DuckTales: Remastered Review (Wii U)

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Review Context: I have played DuckTales and the underrated DuckTales 2 on NES. I Even played the GameBoy version of DuckTales 2. My experience with the game is memorable. When I was young, I had the privilege of renting a game for the NES. The first game I saw was DuckTales. With the awesome cover art and enjoying the tv series, I told my mom this is the game. I played it and was stunned at how fun the gameplay was. In short, this is the first game I played for the NES followed by Super Mario Bros. I’ll always have a soft spot for this game since this was the game that got me into the world of video games.
Date of Playthrough: August 13, 2013

Publisher: Capcom
Developer: WayForward Technologies

Ask most people my age about DuckTales and you’ll get different responses.  For me the TV series is in my top 5 of my favorite Disney animated series.  Most people have this game in their best NES game lists. Staying close to the source material (TV series) though Scrooge’s outfit is a callback to the Carl Banks comics. The many uses of his cane and the outright difficulty of the game stand out, but what stands out the most is the soundtrack. I lost count of how many times I’ve heard people do remixes of the moon level of the game. DuckTales in gaming is right up there with Mario.

The chances of a remake seemed impossible due to Capcom and Disney staying quiet for all these years. So when the trailer was shown at the Penny Arcade Expo in early 2013, I was beyond excited. After learning that WayForward was making the game, my hopes for the game were set at the highest bar. Will DuckTales: Remastered become a found treasure we keep in our money bin? Or will the remake make our life like a hurricane to forget it existed?

Graphics

 The reason I give WayForward a lot of respect is that they have former animation crew working with them (they even hired animators from the tv series). The game has the very bright crisp feel of the tv series.  It’s very nice to see traditional animation done to this game with the respect and care.  One of the things I noticed on the title screen is that LaunchPad’s copper flies in the same direction as the opening to the tv series. That is dedication. I must say that the game does use 3D environments, but it does blend well with the high-definition 2D sprites.

Ducktales Remastered 1

Control

Since this is a remake of the NES game the controller only has two buttons so the remake stayed true to the control scheme somewhat. You have jump and attack, but they added a “hard pogo” option. Hard pogo is after you jump you hold down on the d-pad to perform the pogo jump. By default they went with the scheme from DuckTales 2 in which you press attack after you jump. There are parts in the game where you have to climb up objects by pressing up on the d-pad. My biggest grip is the climbing scheme. I’ve had more trouble climbing on the remake then on the original. It became so frustrating I had to take a break from the game.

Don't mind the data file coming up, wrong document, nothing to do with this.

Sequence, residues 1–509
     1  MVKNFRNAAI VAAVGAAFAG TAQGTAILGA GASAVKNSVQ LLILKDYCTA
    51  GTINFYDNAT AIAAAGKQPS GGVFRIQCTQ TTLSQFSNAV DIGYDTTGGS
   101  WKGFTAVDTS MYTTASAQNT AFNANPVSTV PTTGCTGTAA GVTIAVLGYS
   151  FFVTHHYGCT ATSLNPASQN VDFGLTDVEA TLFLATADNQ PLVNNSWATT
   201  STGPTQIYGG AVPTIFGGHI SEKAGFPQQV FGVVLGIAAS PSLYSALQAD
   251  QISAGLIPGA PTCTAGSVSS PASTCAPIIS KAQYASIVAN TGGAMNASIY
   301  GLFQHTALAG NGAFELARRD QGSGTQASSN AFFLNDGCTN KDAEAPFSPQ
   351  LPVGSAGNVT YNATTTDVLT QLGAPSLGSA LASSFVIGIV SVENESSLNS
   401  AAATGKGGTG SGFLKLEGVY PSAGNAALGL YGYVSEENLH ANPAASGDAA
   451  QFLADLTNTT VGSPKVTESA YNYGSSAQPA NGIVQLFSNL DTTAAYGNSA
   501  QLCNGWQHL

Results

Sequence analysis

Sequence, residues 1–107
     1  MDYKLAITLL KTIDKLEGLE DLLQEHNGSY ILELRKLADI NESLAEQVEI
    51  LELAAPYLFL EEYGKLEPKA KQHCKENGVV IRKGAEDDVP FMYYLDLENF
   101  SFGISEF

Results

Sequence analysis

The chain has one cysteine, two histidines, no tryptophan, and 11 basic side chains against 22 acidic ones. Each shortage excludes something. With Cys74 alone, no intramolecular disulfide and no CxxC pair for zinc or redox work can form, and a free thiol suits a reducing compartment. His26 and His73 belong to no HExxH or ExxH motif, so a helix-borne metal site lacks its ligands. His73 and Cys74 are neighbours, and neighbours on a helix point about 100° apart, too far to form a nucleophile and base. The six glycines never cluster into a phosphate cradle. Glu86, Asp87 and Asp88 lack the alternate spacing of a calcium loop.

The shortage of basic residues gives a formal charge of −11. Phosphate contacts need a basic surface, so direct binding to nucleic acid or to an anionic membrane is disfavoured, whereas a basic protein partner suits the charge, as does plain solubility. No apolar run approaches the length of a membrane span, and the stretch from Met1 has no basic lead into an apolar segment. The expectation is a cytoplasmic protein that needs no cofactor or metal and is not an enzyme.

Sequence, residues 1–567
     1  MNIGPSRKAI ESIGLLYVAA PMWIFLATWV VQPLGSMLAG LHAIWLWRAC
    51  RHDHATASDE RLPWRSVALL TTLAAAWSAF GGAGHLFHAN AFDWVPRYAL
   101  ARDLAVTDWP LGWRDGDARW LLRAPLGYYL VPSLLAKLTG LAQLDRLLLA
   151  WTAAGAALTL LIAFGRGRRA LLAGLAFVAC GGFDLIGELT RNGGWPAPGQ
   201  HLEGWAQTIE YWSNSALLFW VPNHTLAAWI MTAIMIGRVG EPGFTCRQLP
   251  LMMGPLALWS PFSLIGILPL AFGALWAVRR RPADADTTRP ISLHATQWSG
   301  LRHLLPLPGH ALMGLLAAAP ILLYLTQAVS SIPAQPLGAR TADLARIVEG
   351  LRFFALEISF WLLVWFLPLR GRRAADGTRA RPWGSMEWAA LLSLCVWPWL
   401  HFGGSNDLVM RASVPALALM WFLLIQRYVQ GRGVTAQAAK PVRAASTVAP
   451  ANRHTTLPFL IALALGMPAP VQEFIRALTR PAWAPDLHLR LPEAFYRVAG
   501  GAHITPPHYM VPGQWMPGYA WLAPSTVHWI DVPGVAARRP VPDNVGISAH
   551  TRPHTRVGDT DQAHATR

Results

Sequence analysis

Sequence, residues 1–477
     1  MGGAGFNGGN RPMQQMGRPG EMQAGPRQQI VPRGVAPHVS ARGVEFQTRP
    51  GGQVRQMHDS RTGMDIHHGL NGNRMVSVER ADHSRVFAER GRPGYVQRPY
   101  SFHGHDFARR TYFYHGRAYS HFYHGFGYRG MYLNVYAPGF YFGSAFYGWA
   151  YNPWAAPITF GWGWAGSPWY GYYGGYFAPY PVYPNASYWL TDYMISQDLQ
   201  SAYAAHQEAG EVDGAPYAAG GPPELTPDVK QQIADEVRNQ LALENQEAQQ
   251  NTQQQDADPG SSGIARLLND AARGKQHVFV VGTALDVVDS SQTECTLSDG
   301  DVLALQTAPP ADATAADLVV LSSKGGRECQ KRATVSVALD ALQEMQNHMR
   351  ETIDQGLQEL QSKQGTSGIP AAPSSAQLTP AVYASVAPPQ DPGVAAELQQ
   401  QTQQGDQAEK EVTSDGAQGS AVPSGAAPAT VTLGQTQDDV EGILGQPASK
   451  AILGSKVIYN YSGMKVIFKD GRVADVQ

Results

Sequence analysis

Since I’m playing the Wii U version, I wanted to see how the gamepad would work.  The only feature the screen is used for (other than off TV play) is having the map on the screen to keep the main game hub free. You can also use the pro controller.

Ducktales Remastered Screen 2

Design

One of the main changes for today’s audience has you going to the Money Bin to stop the Beagle Boys from stealing your fortune. This is mainly a tutorial level to get you use to the control scheme. Once that is out of the way you can play different levels at your pace, (like Mega Man since the original was made by the same people). To keep it fresh, new levels were added and some changes were made to limit the amount of backtracking the NES game had. Once you beat the game, you can upload your completion time to the leaderboard and during breaks between levels you can dive in Scrooge’s money bin.

The other new feature is unlocking bonus items, but to unlock the good stuff like the NES soundtrack and artwork from the tv series you have to unlock items you might not care for which is a huge downer. The levels themselves are very bright and colorful which makes the different themes of the level come to life.

As for the difficulty, you can change the spike if it’s too hard but changes are made. If you have the challenge on high you have two life bars and limit amount of 1ups and health items while current gives you three and easy gives you five. If you get a game over you must start back at the beginning though you continue on a checkpoint with your lives. The boss battles have been changed to make them more challenging by making you think you have the pattern down until they switch it up at the last second.

  Sound 

Another reason for me being thankful WayForward got the job of making the remake is they took into consideration a lot of fans hopes that the soundtrack could match the masterpiece of the NES game. My opinion, they exceeded that. Not only was the soundtrack great, but they gave the game the feel of it being an episode of the series by having most of the original voice actors reprising their roles including Alan Young (Scrooge McDuck) who is in his 90s. Thanks to added dialogue, WayForward thought it would be interesting to explain things in logic, like how is Scrooge able to breathe in space? I always thought because of video game logic, but it’s nice they tried to explain certain themes of logic on some levels. Little nods can also be noticed by die-hard fans, like during the Capcom opening you hear the version used during the 16-bit days. Using parts of the NES tune theme remixed, I found myself leaving the game on the title screen for ten minutes.

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DuckTales 2 (NES)
Chip ‘n Dale: Rescue Rangers (NES)

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